A Change of Pace–Sharing a Paella Recipe!

25 Nov

A Change of Pace–Sharing a Paella Recipe!

Someone asked where I found my latest, most updated, best paella recipe so I promised to share this one I found on

Paella is of Spanish origin; I first ate it in Spain in 1982. My current recipe includes a good number of red pepper flakes in the rice, which makes it somewhat more Mexican (hot) in taste than the classic Spain version, which is “zesty” but with lighter spices and very little “heat.”

Along with saffron rice, paella has chicken, shrimp, and chorizo sausage; it sometimes has clams, in the shell, also.

My husband usually picks up French or New Orleans andouille sausage if he can’t find chorizo, which is the usual story in our nearby military commissary. It works just as well.

Now, for those who don’t like spicy food (usually half of every crowd invited over . . .) . . . that handy trend of “deconstructing” food works well here. I make one crockpot full of the full spice pepper flake paella, but I also deconstruct my paella into several other dishes as I cook it.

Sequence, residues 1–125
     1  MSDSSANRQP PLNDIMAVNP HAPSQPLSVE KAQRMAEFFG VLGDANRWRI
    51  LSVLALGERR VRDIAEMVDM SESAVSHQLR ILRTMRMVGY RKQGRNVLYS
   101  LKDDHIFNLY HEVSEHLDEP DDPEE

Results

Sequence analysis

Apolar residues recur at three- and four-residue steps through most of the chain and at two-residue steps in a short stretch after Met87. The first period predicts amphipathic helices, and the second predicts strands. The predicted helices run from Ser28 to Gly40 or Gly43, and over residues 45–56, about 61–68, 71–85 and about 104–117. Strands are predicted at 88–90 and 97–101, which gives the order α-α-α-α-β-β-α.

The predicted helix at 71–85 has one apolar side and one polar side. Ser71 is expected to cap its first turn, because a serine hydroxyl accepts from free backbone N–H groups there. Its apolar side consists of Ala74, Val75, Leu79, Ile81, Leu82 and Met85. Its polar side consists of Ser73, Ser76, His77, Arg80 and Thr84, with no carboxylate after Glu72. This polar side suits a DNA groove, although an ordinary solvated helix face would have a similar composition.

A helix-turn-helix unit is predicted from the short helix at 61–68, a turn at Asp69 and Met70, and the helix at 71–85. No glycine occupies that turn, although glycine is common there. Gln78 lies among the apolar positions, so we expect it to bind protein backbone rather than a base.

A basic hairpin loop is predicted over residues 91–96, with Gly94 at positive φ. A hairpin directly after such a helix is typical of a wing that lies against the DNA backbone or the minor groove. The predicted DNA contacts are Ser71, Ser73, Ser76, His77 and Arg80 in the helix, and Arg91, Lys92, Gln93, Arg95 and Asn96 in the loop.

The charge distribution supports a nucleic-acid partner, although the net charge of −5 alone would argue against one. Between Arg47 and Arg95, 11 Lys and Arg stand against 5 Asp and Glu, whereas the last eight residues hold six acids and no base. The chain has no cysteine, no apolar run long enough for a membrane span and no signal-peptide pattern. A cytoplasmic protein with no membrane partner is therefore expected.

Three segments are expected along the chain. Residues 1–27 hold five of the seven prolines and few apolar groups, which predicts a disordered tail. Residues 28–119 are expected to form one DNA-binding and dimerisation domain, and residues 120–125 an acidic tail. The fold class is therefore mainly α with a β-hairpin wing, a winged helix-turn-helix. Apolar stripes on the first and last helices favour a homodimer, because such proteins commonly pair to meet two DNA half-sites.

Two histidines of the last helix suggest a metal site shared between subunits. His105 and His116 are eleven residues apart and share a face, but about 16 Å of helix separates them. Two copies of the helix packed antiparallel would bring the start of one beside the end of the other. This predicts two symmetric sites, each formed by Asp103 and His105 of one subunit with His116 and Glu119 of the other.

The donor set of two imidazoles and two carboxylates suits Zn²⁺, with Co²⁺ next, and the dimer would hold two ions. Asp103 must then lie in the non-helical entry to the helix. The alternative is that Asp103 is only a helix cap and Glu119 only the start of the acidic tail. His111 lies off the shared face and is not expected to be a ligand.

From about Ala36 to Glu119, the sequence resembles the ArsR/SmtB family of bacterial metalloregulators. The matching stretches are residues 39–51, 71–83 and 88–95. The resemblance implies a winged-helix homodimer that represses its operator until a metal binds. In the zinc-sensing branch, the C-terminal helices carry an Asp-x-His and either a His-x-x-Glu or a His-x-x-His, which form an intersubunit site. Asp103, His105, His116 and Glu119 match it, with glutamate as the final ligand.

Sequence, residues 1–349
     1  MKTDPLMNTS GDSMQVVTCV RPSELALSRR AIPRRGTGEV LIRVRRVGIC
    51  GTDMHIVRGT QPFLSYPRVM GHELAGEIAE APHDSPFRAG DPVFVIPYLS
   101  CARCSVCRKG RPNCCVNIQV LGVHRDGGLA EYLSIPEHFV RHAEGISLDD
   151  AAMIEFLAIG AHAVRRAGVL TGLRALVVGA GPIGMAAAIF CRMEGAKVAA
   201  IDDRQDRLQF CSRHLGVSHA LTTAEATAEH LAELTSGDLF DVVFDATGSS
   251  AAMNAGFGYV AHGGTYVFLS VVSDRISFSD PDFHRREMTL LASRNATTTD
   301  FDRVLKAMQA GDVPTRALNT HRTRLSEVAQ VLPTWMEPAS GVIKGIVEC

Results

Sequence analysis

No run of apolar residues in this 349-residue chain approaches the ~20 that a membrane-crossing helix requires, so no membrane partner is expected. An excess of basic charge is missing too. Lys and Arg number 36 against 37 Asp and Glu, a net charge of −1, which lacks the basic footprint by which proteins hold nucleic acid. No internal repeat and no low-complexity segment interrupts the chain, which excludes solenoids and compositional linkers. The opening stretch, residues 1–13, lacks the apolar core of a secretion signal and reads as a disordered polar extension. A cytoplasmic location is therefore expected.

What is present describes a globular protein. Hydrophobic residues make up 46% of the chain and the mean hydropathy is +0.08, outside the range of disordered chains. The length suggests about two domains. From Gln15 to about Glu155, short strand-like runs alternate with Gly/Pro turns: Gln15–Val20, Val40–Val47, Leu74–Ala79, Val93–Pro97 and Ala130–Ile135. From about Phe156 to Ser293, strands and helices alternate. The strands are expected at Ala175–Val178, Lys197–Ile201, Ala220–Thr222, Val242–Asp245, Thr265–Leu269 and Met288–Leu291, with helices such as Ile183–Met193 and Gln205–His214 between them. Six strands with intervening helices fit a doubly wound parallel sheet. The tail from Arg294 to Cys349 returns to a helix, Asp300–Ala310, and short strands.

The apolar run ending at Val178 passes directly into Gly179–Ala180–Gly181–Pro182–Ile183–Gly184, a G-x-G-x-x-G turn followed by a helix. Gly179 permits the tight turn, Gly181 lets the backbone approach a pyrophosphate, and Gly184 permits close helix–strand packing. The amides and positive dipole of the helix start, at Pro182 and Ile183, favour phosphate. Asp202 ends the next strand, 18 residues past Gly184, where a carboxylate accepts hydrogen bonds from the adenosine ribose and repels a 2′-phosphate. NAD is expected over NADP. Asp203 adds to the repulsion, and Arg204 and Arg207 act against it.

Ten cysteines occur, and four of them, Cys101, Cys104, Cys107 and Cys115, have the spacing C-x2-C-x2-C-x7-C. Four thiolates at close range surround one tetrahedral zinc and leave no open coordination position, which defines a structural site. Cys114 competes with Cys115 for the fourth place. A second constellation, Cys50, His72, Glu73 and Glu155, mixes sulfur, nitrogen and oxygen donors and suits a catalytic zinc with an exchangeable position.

After I stir fry the chicken in onion and red pepper, I pull out a small bowl of chicken. Then I do the sausage and the shrimp the same way, pulling out small bowls of sausage and shrimp to the side.

I found a great use for those small fondue pots that sometimes come free with a crockpot purchase–I put some of the rice into a fondue pot before I add the red pepper flakes into the main crockpot.

Voila! The non-spice eating friend now has rice, three meats, and a bowl of peas (which are not called for in this particular paella recipe, but which I make separately, as I got used to eating peas with paella in Spain). She can build a non-spiced paella on her own plate.

I also serve a fruit platter, a salad (with nuts and croutons to the side to be added, as desired), and a plate of Jacobs cream crackers (British) with cheddar cheese slices to round out this meal.

And flan for dessert (with icecream for the kiddoes). But that will be a separate post . . .


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